Cost of implants is a barrier to spinal deformity surgery in low income countries

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Richard Schwend (Children’s Mercy Hospital and Clinics, Kansas City, USA) told delegates attending this year’s International Meeting for Advanced Spine Techniques (IMAST; 16–19 July, Valencia, Spain) that implant costs and unsafe surgical facilities are among the principal barriers to children having corrective surgery for spinal deformity in low income countries even though the costs of pedicle screws is lower in these countries than in high income countries.

 

Schwend reported that the cost of pedicle screws “may restrict access to surgical care for children” and, therefore, the aim of the present study was to investigate “how implant costs impact paediatric spinal deformity surgery globally. He and the lead author of the study, Sreeharsha Nandyala (University of Missouri Kansas City School of Medicine, Kansas City, USA), sent a 28-item survey (through Research Electric Data Capture) to published spinal surgeons and to members of the Scoliosis Research Society. The survey asked questions on patient characteristics, the cost of pedicle screws, strategies used to reduce the costs of implants and surgeries, and the barriers to paediatric spinal deformity surgery in the surgeons’ countries.


Overall, of 441 spinal surgeons in 58 countries contacted, 95 surgeons from 36 countries responded. Of these, 70 (74%) were from high income countries (gross national income per capita more than US $12,616) and 25 (26%) were from low income countries. Schwend noted that significantly more patients in low income countries pre-purchased implants from a vendor (45% vs. 3% respectively; p<0.001) or from the surgeon (30% vs. 2%, respectively; p<0.001) than patients in high income countries, and that these patients were more likely to use charity funds to pay for the surgery (72% vs. 40%, respectively; p=0.009). There were no significant differences between groups in the use of government funds.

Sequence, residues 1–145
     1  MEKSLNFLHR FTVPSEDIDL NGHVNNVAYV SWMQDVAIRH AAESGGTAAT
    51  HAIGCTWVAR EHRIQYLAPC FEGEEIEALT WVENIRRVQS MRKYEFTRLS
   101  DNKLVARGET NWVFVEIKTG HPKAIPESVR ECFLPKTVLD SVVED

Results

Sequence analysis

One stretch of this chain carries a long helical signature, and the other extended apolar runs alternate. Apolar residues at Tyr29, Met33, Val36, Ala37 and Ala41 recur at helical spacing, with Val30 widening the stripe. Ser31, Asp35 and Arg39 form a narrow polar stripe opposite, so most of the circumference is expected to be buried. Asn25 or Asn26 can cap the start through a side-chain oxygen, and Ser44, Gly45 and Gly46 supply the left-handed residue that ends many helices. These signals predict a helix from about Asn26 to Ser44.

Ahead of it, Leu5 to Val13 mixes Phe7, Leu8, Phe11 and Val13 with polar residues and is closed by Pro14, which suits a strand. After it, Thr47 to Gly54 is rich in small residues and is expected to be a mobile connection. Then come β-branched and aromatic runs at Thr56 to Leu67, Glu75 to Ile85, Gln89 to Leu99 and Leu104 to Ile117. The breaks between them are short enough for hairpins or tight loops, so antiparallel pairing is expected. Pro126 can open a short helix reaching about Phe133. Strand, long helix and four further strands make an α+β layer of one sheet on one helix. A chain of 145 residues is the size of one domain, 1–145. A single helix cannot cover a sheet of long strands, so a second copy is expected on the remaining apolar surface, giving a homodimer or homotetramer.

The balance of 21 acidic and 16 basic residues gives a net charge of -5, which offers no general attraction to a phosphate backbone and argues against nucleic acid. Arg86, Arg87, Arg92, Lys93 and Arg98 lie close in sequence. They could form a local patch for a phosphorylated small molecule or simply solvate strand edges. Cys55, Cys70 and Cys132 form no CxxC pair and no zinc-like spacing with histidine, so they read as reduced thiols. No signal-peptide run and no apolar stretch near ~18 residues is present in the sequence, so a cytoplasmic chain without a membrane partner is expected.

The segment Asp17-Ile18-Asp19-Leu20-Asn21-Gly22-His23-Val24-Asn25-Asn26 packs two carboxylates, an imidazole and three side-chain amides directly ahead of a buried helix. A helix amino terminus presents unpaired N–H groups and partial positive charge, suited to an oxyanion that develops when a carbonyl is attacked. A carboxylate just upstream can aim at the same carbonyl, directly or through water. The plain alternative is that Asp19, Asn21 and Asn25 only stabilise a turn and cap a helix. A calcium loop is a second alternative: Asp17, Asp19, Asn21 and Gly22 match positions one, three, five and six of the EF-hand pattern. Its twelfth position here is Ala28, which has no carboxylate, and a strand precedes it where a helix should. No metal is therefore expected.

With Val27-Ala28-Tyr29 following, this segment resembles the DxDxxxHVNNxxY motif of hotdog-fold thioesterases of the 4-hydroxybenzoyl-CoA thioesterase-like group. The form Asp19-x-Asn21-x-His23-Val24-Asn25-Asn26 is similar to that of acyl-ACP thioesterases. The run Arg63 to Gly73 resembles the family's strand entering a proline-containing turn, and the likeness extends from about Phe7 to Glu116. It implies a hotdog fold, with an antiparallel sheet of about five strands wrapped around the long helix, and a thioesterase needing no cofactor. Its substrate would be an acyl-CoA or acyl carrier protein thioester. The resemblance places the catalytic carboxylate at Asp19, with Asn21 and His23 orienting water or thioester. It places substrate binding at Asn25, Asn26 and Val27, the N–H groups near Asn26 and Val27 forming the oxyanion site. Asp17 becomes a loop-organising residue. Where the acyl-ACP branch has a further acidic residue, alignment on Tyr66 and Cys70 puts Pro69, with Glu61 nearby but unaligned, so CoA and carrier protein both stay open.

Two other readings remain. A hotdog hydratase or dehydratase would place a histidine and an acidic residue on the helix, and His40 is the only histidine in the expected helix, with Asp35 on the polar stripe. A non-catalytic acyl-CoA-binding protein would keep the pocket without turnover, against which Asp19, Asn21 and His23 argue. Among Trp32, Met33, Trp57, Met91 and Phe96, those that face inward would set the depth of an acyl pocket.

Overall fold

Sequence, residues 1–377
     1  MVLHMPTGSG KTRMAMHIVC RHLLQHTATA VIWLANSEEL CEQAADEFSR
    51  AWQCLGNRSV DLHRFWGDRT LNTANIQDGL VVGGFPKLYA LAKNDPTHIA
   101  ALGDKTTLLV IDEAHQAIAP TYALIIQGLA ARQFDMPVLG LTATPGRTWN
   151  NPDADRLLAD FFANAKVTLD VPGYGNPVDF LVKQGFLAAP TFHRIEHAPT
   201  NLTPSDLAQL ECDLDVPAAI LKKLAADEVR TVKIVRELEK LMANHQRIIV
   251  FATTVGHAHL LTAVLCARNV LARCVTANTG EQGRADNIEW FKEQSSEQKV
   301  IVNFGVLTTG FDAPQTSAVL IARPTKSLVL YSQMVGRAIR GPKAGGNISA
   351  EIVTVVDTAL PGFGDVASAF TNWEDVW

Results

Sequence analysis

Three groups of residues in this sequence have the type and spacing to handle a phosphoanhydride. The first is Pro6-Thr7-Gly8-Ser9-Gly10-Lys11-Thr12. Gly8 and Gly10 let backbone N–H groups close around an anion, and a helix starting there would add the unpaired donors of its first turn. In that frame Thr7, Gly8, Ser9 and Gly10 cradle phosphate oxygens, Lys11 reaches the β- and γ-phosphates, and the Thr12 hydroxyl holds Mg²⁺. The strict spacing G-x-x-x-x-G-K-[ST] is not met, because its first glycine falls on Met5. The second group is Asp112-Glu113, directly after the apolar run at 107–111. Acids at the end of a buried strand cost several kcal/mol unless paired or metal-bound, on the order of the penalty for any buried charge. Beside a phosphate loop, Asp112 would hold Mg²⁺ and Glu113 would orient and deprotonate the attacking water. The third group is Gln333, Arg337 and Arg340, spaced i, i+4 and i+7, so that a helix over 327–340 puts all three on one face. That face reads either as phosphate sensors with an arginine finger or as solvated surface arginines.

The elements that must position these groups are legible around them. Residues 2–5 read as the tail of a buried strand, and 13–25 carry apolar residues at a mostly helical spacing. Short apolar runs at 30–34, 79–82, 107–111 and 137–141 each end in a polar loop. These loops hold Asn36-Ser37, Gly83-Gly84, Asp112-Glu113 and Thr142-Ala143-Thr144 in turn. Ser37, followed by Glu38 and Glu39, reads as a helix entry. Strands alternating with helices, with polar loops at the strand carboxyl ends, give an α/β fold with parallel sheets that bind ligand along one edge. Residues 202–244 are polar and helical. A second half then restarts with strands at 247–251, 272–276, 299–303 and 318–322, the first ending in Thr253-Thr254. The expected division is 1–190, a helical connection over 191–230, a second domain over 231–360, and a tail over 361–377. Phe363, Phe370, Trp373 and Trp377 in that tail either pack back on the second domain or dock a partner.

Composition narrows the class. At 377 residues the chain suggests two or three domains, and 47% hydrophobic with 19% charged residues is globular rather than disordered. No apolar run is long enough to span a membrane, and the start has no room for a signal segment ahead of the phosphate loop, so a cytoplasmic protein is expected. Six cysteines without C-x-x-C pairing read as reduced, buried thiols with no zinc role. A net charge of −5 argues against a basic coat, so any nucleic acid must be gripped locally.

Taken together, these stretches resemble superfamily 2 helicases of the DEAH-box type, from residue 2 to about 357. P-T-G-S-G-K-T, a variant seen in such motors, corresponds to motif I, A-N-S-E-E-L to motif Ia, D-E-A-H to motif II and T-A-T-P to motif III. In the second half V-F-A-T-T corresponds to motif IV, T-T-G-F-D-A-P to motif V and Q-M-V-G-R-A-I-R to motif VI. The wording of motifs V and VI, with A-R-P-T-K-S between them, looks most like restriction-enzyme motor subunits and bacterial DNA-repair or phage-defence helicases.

Schwend also reported that while more surgeons in low income countries preferred to use older, refurbished or donated implants than high income countries to save implant costs, more surgeons in high income preferred to use volume-based or price-based negotiations with the vendor. Furthermore, surgeries in high income countries were associated with greater pedicle screw costs, regardless of manufacturing location, than in low income countries (p<0.05).


However, implant costs—alongside unsafe surgical facilities–were significant more likely to be listed as a principal barrier to access for children needing spinal deformity surgery in low income countries. He concluded: “A prospective study that includes more surgeons from a variety of low income countries and practises should provide more accurate and representative data.”

 

 

 

 

 

 

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